I agree.
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Those are called day laborers and usually can be found early in the morning at some of the Borgs in big cities. Some speak English, some don't. English speaking ones will better understand what you need done. If you want to have a real contractor on the job, ask for references and get quotes. Forget about buying the material. He will probably be somewhat amused and decline the job, and the amount isn't worth haggling over.
Joe
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Joe wrote:

Thanks. I defintiely don't want a day laborer. I do want an experienced contractor who often does Chicago grid ceiling systems. My thinking is that it may cost around $400 to $500 per day for that type of person (based on maybe $50 to $62.50 per hour) for an experienced contractor -- but I'm not sure.
I didn't mean that I would buy the matierials to save money or whatever. I just meant that I would pay the person for his time plus whatever the cost of the materials turned out to be.
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Get a commercial ceiling hanger. If you want to save time and if you are able, establish level and install the perimeter wall angle in all rooms as this is a time consumer. If you had all the hanger wire installed it would save time, but I doubt you could get the hanger wire where required.
I doubt that anyone will take the time to explain what they are doing or why. Drywall grid doesn't have to be as "square" as a finish ceiling, but basic methods will probably provide about the same product. It is not rocket science and I would think you could have it up and done in the time you've already spent researching it. Maybe what you want is to pay commercial wages for a day to one man to teach you.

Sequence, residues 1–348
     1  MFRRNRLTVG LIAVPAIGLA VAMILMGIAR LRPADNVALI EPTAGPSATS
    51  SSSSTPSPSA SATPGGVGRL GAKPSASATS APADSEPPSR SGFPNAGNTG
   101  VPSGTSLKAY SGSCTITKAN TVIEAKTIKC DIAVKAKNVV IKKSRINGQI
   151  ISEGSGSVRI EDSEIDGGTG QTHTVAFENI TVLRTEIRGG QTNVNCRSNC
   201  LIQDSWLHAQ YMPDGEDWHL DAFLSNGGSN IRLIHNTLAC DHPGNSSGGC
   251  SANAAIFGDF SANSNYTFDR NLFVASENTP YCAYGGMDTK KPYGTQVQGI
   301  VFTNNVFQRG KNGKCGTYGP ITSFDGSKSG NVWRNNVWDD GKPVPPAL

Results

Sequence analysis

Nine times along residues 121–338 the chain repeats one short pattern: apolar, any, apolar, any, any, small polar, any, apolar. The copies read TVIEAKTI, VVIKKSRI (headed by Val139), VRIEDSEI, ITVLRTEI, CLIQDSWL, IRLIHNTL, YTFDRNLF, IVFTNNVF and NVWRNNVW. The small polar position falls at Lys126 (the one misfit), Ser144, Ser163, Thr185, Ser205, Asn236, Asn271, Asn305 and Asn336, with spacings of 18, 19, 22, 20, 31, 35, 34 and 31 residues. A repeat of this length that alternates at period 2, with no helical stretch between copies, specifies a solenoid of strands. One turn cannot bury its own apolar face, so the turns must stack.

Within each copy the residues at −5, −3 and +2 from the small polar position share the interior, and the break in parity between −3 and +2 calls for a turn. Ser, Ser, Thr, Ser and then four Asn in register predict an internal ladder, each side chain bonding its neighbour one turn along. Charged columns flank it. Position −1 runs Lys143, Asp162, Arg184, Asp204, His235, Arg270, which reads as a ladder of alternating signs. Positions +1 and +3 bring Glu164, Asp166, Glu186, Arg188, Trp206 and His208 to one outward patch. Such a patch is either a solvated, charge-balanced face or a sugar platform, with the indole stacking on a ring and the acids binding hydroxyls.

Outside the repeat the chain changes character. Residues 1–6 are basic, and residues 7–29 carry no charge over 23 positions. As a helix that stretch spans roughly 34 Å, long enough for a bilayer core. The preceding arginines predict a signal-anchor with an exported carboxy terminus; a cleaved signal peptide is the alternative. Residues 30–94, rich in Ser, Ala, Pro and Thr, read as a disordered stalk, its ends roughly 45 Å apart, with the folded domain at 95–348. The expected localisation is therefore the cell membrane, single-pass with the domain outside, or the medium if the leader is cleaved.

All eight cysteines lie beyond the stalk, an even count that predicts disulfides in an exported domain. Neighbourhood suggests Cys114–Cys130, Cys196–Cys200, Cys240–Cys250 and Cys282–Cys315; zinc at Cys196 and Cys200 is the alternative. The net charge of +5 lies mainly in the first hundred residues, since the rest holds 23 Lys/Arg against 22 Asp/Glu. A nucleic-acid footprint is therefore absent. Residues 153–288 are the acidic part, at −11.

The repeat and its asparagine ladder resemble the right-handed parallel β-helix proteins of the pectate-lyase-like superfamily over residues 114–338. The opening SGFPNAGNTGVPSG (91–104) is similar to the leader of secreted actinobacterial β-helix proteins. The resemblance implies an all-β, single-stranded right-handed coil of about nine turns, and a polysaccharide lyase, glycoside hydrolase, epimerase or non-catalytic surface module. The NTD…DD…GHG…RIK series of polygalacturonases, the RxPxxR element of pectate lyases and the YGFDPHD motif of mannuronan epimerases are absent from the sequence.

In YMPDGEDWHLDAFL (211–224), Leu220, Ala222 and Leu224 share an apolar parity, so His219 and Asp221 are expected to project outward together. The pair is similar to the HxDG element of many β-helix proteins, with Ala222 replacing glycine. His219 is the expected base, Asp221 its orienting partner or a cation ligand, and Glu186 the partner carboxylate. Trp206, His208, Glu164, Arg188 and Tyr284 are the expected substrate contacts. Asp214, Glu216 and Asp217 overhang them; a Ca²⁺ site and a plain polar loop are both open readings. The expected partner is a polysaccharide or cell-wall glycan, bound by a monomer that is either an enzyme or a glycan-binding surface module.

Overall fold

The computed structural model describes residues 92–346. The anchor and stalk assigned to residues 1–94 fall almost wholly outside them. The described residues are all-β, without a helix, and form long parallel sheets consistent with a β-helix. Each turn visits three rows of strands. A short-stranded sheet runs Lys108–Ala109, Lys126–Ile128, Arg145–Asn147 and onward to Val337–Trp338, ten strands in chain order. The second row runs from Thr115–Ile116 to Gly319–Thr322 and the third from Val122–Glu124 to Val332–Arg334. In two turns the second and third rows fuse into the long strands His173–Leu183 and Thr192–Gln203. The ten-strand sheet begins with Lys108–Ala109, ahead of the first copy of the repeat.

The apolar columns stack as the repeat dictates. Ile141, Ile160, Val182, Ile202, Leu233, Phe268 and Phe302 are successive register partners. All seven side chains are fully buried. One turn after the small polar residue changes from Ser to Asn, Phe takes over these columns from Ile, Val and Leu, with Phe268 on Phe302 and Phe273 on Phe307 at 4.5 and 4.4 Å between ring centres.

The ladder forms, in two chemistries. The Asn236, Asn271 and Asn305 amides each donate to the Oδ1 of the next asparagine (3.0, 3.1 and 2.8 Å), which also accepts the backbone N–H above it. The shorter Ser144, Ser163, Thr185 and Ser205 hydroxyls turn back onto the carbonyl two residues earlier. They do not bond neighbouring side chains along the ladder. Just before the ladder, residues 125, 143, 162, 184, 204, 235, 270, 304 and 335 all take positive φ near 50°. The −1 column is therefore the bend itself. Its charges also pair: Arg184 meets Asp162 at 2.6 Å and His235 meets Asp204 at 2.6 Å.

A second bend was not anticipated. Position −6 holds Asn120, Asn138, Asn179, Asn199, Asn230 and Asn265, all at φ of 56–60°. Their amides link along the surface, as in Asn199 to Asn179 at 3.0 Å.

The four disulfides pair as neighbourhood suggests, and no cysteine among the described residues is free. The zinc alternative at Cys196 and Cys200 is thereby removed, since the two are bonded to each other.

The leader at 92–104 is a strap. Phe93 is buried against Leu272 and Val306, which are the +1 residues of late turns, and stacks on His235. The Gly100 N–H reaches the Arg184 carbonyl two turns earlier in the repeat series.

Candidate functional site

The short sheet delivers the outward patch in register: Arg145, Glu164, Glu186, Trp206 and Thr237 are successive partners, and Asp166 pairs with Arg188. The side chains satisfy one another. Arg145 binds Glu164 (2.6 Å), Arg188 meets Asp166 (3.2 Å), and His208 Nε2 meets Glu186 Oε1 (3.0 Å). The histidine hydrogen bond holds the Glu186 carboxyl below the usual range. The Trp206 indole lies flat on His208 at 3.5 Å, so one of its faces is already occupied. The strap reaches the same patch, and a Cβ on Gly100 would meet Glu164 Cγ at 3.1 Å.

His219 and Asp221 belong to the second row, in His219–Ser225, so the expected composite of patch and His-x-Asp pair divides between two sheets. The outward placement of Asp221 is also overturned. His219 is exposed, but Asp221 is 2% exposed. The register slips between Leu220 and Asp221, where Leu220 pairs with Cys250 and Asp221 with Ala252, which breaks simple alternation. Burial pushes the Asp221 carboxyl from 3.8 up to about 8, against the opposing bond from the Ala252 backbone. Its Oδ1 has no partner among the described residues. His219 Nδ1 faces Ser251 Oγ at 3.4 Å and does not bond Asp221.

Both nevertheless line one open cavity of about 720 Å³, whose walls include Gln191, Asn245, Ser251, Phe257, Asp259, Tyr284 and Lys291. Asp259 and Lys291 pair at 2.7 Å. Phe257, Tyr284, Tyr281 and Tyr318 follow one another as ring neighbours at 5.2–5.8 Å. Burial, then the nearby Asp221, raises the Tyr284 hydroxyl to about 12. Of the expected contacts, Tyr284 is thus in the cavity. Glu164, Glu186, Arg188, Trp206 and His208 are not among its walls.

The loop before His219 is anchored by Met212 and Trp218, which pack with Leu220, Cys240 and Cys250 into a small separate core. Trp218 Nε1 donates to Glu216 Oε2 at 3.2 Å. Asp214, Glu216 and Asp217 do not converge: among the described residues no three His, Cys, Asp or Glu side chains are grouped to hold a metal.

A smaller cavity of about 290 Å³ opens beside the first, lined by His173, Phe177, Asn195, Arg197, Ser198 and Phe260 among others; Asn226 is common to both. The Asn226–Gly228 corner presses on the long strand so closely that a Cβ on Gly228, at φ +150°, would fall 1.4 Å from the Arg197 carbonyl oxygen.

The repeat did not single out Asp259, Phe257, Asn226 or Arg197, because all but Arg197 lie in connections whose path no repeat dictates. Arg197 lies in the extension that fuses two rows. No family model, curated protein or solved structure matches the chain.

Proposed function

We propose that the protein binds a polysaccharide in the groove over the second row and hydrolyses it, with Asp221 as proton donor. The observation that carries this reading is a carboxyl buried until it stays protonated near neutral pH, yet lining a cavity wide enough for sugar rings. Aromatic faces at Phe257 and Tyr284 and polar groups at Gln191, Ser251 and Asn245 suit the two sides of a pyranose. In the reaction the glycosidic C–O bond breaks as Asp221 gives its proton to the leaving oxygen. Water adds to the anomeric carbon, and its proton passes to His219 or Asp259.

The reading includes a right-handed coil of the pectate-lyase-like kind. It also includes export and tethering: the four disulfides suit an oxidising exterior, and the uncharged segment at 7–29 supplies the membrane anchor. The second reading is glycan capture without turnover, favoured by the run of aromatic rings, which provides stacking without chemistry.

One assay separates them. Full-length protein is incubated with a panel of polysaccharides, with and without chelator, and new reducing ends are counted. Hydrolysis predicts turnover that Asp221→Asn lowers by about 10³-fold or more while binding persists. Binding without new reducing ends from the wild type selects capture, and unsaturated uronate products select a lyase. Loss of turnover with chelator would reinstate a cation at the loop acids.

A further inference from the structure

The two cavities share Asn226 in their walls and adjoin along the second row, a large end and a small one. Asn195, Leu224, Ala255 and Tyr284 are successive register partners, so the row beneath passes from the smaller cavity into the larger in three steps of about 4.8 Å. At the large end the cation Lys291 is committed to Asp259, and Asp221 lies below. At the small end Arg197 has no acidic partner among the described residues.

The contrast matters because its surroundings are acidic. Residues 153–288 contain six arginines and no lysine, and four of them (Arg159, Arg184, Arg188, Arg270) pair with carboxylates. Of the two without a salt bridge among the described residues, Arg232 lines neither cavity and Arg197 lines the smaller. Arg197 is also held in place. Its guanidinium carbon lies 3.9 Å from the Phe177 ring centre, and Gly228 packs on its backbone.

It is too lengthy a process to explain in an email, but there is plenty of information available: http://www.google.com/#hl=en&sugexp=llsfp&xhr=t&q=how+to+install+drop+ceiling&cp &pf=p&sclient=psy&aq=0&aqi=&aql=&oq=how+to+install+dro&pbx=1&bav=on.2,or.r_gc.r_pw.&fp9decee79d1fe4a
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DanG wrote:

Thanks. I don't really need the person to explain a lot. The regular contractor that I use already knows how to do regular drop ceilings, including the level ine, etc. So, he won't need to be taught that aprt of the job.
We basically just want to be able to see how the commercial contractor does the Chicago grid sheetrock ceiling stuff -- including what materials to buy, what spacing is required for proper support, etc. -- all of which I am sure is simialr to a regular drop ceiling but is not the same.

Exactly. Or, more specifically, to just do the metal ceiling grid and hang a few sheets of drywall while my regular contractor (and I) watch and help.

http://www.google.com/#hl=en&sugexp=llsfp&xhr=t&q=how+to+install+drop+ceiling&cp &pf=p&sclient=psy&aq=0&aqi=&aql=&oq=how+to+install+dro&pbx=1&bav=on.2,or.r_gc.r_pw.&fp9decee79d1fe4a Most of those links appear to relate to regular drop ceilings, which I know are similar, but not to Chicago grid drywall ceilings.
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Sorry, exact same process. The material is slightly wider, but other than that it is identical to hanging a drop ceiling.
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DanG
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DanG wrote:

Well, I assume that one difference may be in the spacing of the metal framing when hanging drywall on the frame (including 1/2 inch or 5/8 inch drywall) and the required number and size of the support wires. I know with a regular drop ceiling the framing can be done to allow 2'x4' or 2'x2' openings, but maybe (for example) the Chicago grid requires 16-inch framing for the sheetrock.
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Speaking both as a retired contractor and as a person like yourself, hire a contractor to do whatever portion you want them to do, have your friend/contactor over for both of you to watch, ask the minimal amount of questions and learn what you can.
I personally never minded a client watching. I did not mind them asking a few questions. I absolutely did not want their help. The potential liabilities were not insurable.
No contractor is going to offer to teach you, but you should be able to learn by watching.
I only have a nickel. Do you have my 3 cents change? :)